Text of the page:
Sunday, April 28, 2013

Walker Ranch Homestead, Spring Heritage Day 2013

Walker Ranch Homestead, a part of Boulder, Colorado, Parks and Open Space, hosted a free open house Sunday, April 28th, 2013.   The Walker Ranch Homestead is located west of Boulder, 7.4 miles up Flagstaff Road. The sunny day, with a light breeze, welcomed many visitors  to the the Walker Ranch acreage. The winding road through the  gorgeous view of nearby mountain ranges was filled with Sunday bicyclists and cars carrying hikers on their way to the different trail heads. Even with the activity I  still spotted a lone deer enjoying springtime in the nearby forest. I missed that picture but stopped for this peaceful scene.

Turning off Flagstaff Road towards the Walker Ranch Homestead, we ventured down a chopped rock road. Before us opened up a gorgeous panoramic view of a nearby mountain range and the Boulder Valley framing the Victorian-era buildings of pioneer days in Colorado. On this Sunday outing I was accompanied by my husband, Rex, and our son, Matt, and his 3 month old baby daughter, Lindsey (below). Matt's wife, Kelly, (Lindsey's Mom) was working this event so we ventured down this dirt road to find what activity she was involved in today. 

The first event we found was the laundry demonstration. Kelly wasn't here.
Children were trying their hands at the ole washboard. They were having fun playing in the water and not realizing this was work in the olden days.

The hand washed laundry was blowing in the breeze. I remember the fresh smell from the clothes that hung on a line. I also remember the rush to get the clothes off the line when rain  started to fall on wash day. 

With the sun shining in my eyes, I had to look twice at the next table to believe my eyes. There was Kelly making butter. She had a plate of saltine crackers with homemade butter smeared on each one for us to sample. It tasted wonderful. Why do I buy butter at the store anymore when my darling daughter-in-law, Kelly, is so talented?
This little girl stopped at Kelly's table to try her hand at churning butter.  Kelly told her it wasn't ready yet and to keep going. 

As I strolled through the Homestead, I was drawn to the wagon barn where these delightful folks were playing and singing for us. It was foot stomping fun, drawing an appreciative crowd. This barn was for the wagons, buggies and farm machinery but it was also used to store the corn grown on the ranch.

Relaxing and wandering around the Homestead was a great way to imagine the life of others who once  walked in these same steps. This log house was built circa 1865. It's an example of a broad axe hand-hewn log house. A warm, cozy house made with lots of physical labor.

Inside the log cabin, the wood burning stove was hot and used to cook the meal for the day.

The kitchen was comfortably stocked with cast iron skillets, trivets, crocks and canisters.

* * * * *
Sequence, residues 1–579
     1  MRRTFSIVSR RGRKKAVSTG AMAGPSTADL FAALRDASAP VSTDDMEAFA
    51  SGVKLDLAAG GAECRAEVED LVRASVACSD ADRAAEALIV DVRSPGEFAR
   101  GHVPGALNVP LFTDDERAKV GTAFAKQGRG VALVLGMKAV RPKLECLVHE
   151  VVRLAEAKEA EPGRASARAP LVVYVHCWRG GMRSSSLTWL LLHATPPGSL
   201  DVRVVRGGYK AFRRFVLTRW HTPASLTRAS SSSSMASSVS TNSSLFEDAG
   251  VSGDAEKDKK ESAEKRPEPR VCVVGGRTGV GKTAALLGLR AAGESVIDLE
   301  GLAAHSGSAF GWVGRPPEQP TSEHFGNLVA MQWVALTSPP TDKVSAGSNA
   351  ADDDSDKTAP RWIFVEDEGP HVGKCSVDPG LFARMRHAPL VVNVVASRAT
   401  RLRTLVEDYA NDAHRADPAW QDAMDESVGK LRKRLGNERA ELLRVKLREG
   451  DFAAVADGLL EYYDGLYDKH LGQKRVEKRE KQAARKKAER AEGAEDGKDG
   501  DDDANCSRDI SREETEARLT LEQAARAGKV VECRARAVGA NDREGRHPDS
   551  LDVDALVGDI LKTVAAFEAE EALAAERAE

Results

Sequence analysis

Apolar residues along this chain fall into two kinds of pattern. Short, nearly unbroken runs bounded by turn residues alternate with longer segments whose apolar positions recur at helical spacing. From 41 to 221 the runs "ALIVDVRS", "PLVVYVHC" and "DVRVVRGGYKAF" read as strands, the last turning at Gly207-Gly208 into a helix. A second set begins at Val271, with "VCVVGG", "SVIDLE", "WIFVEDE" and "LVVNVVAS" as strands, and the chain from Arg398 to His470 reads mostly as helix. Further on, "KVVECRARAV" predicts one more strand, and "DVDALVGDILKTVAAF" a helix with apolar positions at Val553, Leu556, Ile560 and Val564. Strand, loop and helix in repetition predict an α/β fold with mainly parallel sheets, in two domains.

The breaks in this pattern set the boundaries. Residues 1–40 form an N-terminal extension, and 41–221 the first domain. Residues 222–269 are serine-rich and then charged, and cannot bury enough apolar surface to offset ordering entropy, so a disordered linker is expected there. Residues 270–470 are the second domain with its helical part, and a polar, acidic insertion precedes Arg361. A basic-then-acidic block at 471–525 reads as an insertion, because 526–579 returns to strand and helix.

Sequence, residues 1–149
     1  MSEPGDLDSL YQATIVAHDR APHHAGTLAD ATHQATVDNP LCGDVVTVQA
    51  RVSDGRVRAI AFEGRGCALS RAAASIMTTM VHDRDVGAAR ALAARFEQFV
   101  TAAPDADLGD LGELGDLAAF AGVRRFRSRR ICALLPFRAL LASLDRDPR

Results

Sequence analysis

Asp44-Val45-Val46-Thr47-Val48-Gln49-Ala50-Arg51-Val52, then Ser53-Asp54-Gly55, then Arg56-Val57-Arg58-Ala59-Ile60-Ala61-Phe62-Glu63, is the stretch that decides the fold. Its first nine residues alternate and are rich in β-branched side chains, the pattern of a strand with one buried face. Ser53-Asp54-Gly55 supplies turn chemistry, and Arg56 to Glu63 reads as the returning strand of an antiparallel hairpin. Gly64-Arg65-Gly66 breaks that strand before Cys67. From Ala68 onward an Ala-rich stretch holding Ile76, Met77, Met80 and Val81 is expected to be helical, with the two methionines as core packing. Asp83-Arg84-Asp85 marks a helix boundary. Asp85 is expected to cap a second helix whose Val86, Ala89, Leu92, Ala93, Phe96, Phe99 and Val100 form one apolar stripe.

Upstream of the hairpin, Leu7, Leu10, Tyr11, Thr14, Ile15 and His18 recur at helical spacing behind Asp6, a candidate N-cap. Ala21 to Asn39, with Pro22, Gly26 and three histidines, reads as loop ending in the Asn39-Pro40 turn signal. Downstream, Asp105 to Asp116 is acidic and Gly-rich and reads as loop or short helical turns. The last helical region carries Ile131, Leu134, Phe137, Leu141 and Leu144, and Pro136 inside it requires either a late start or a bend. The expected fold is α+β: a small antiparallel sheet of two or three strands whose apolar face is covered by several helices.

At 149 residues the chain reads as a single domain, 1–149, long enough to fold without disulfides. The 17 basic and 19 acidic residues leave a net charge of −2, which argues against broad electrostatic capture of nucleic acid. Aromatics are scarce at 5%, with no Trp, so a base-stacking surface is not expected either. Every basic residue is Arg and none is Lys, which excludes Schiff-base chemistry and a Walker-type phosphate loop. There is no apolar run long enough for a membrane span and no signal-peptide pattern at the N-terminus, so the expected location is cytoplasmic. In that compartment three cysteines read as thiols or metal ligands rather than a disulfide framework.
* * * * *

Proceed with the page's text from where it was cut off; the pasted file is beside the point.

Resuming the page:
The bathroom was sparse with only a chamber pot, tub and a few basic toiletries such as a shaving brush, wrought iron curling iron (warmed on the kitchen stove) and a bar of soap.

Admiring the walls of the house made me appreciate how the structure was made from such rustic beginnings. 
Piles of logs and tools gave opportunities for more hands-on wood cutting and time to turn the clock back.

This young man took a successful swing and split a piece of wood perfectly.

On another part of the property is the Blacksmith's shop. This was built circa 1880. It was a busy place as all iron-ware, hinges, etc. were forged here. Wagon repairs and horse shoeing happened here as well. 

And what ranch didn't need to have calf-roping experts on hand? This is where the young ones and the visiting cowboys practiced their skills.

As I wandered past this wheat barn and the pig pen, built circa 1885, I just loved this door on the large barn. The knots in the wood and the bark still on the structure was a magnificent sight to me. Even though it felt like a spring day with the temperatures in the 60's, the snow still lingered on this north side of the barn. The elevation ranges from 7320 to 8040 feet so winters can be quite harsh. 

The Walker Ranch Homestead is open to the public only during their four seasonal special cultural history events. The next events are as follows:

Summer Heritage Evening 2013, Saturday, July 20, 5 pm-7:30 pm
Autumn Heritage Day 2013, Sunday, September 29, 10 am-3 pm
Winter Heritage Day 2014, Sunday, January 26, 1 pm-3 pm
Spring Heritage Day 2014, Sunday, April 27, 10 am-3 pm

The Walker Ranch property is 3,828 acres. The property is open to the public year-round. It's only the Homestead that has limited hours and events. The whole area is a beautiful escape from the Boulder-Denver metropolitan area which is only a short distance away. If you're in the Denver area or visiting Boulder, it's a lovely drive and worth the trip to admire the lovely mountain views, pine trees and perhaps even a deer or an elk.

 Be sure and stop for a close-up look too!

See you at the Ranch!

No comments:

Post a Comment